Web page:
Depth chart: Claypool shot up the depth chart to be the No. 1 slot, or Z, receiver this spring, partly due to new offensive coordinator Chip Long’s preference for bigger targets and partly due to speculation surrounding sophomore Kevin Stepherson. Junior C.J. Sanders and Stepherson back up Claypool, with incoming freshman Michael Young likely to join their ranks.
Recruiting: A consensus four-star recruit, the intriguing Canadian chose Notre Dame over offers from Michigan, Oregon and Arizona, among others.

CAREER TO DATE
Claypool’s first impact came on special teams, making two tackles against Nevada in 2016’s second week. He remained a constant contributor on coverage units, finishing the season with 11 tackles, making appearances in all 12 games.

He also recorded a nine-yard run against Nevada, his only rush of the season. Of course, though, Claypool’s biggest, and most pertinent to his future, impact came in the passing game. He made five catches for 81 yards spread, including a 33-yard reception against Michigan State.

QUOTE(S)
Claypool quickly went from raw high school senior to contributing college player. The good news was he did indeed contribute. The not-so-good news was Claypool still had a lot of fundamentals to work on. Irish coach Brian Kelly said those have come along for Claypool over the last few months.

“It’s been a learning experience for him,” Kelly said with only a few weeks of spring practice remaining. “We threw him right into the fire last year, and he was swimming. He’s such a great kid. …

“Clearly, [Claypool] has definitely benefited from being here over the year and is more consistent.”

With the Irish depth at receiver and Claypool’s success embracing the physical nature of special teams last year, some wondered if he could switch to the defensive side of the ball and perhaps fill a hole at safety or linebacker. Kelly shot that thought down as soon as he heard it.

“We feel like we need his play on offense,” Kelly said. “He’ll continue to contribute on the special teams end of things, but we need his play on offense.”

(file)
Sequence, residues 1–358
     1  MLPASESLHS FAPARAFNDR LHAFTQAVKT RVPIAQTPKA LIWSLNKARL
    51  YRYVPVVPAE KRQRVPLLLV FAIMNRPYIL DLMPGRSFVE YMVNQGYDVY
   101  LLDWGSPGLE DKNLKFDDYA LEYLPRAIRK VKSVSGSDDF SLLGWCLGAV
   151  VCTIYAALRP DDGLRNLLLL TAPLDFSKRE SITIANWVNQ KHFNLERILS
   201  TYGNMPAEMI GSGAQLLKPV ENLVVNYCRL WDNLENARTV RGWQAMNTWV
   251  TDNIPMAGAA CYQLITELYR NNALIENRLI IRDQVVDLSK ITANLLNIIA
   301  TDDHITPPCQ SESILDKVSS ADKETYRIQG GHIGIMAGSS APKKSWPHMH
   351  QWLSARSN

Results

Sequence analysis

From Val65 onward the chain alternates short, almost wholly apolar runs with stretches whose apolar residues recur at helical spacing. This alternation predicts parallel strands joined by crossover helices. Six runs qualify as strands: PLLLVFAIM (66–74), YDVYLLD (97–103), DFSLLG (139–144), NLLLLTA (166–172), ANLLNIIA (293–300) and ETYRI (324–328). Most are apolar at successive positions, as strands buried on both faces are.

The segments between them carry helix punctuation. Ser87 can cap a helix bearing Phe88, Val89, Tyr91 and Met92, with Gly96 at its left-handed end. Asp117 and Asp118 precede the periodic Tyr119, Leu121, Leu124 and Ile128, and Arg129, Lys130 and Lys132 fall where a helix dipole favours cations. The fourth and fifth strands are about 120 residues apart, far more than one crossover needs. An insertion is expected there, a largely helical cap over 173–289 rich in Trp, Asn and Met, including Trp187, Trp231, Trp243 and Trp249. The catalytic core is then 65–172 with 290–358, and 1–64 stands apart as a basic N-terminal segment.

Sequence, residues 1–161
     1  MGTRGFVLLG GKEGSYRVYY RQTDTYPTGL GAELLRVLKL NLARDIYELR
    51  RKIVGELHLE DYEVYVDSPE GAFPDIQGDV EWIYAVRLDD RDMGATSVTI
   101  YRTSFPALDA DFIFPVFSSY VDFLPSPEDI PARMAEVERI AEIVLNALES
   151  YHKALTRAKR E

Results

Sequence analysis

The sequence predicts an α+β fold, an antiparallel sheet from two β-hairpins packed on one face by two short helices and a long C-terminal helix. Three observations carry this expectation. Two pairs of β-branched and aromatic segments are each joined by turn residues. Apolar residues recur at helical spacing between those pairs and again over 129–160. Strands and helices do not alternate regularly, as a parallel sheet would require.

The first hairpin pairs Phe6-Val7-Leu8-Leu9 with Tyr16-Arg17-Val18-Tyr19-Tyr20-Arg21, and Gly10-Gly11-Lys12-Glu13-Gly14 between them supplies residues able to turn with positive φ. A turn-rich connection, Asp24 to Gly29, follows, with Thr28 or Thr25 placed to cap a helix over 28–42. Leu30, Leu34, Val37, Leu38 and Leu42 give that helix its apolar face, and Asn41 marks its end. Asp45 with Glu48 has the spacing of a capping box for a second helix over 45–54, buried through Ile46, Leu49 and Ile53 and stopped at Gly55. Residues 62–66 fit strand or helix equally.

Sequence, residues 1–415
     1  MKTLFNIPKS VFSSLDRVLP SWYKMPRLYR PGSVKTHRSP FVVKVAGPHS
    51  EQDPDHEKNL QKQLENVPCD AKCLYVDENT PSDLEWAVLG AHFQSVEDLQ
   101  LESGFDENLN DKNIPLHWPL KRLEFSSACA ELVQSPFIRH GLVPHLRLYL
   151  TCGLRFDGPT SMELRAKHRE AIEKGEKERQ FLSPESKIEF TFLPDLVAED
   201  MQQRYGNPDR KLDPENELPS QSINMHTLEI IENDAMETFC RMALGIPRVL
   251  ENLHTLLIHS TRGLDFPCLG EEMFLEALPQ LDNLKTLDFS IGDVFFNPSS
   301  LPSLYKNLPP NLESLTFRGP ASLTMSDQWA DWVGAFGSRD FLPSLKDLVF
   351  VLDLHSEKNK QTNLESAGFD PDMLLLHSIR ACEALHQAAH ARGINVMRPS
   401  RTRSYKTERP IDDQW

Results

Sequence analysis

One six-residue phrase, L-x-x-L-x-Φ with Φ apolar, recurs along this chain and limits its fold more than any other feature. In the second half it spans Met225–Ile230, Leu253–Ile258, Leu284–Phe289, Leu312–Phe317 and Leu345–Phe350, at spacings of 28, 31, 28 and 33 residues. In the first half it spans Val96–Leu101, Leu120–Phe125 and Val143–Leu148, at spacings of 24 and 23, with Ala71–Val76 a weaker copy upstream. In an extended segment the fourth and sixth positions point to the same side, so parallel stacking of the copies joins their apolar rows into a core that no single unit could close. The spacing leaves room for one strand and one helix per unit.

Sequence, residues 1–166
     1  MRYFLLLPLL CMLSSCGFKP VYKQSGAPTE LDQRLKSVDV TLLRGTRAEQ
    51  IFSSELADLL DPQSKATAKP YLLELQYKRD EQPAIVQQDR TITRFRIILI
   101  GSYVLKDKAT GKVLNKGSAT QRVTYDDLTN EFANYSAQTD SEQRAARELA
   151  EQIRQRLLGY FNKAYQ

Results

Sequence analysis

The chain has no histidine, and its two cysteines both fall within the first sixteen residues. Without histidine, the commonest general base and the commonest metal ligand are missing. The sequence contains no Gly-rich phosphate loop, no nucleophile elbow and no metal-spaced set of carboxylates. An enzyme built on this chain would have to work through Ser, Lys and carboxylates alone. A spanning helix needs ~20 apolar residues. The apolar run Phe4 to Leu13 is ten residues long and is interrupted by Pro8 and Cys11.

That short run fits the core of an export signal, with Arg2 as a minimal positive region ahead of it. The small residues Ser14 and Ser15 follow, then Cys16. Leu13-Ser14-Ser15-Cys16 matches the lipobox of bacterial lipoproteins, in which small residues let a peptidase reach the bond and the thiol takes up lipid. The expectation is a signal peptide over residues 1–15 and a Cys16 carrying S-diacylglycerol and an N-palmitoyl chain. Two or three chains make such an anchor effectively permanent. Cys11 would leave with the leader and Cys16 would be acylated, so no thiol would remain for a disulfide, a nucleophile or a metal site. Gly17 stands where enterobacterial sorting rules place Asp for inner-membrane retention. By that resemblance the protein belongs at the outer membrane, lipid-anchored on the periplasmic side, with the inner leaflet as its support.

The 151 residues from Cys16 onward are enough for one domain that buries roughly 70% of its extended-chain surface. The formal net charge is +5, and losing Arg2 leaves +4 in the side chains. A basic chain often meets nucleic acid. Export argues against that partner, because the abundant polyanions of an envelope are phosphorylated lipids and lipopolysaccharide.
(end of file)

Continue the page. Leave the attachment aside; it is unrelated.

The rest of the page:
Instead, Kelly intends to use Claypool’s physicality in an unexpected area at the slot receiver.

“Now he’s not a prototypical inside receiver, but there are some things where as a blocker, as a guy that can come over the middle, there aren’t many teams that can match the size and physicality of that kid,” Kelly said the week of spring practice’s end. “Does that mean he’s on the field for every snap? No, there are some things where we would move him out and put somebody else in there.”

WHAT KEITH ARNOLD PROJECTED A YEAR AGO
Maybe I’m crazy, but I’d love Claypool to spend the summer cross-training on both sides of the ball. It’s not unheard of for a long and lean guy like Claypool to gain 15 pounds over three months, and if he does that he’ll be close to 235 pounds, enough weight to come off the edge and chase the passer.

“Of course, I did watch his highlight video. This is a kid who averaged more than 49 points a game on the basketball court and comes to South Bend a very moldable piece of clay. (No pun intended.)

“Getting on the field as a freshman shouldn’t be the most important piece of the development puzzle here. But if there’s a chance to make an impact early, it shouldn’t stop him. …

“Then again, wide receiver isn’t the deep spot on the roster that it was last season. And contributing as a freshman isn’t necessarily as far-fetched as it was the past few years. It won’t take long to see how Claypool’s talent translates to the next level. If he’s ready to take the leap forward, this coaching staff will find a way to maximize his abilities – at any positon.”

2017 OUTLOOK
First of all, two notes to Keith: You are crazy, but your wait-and-see projection for Claypool was not. (Handing the keys to this space to who you did, however, remains highly questionable.) And, don’t think for a second your pun unintended disclaimer fooled anyone.

Now then, to Claypool. Long’s predilection to larger receivers fits in line with his tendencies to utilize two tight ends. In some alternate universe, Long has not arrived at Notre Dame and Claypool’s career could have an entirely different direction.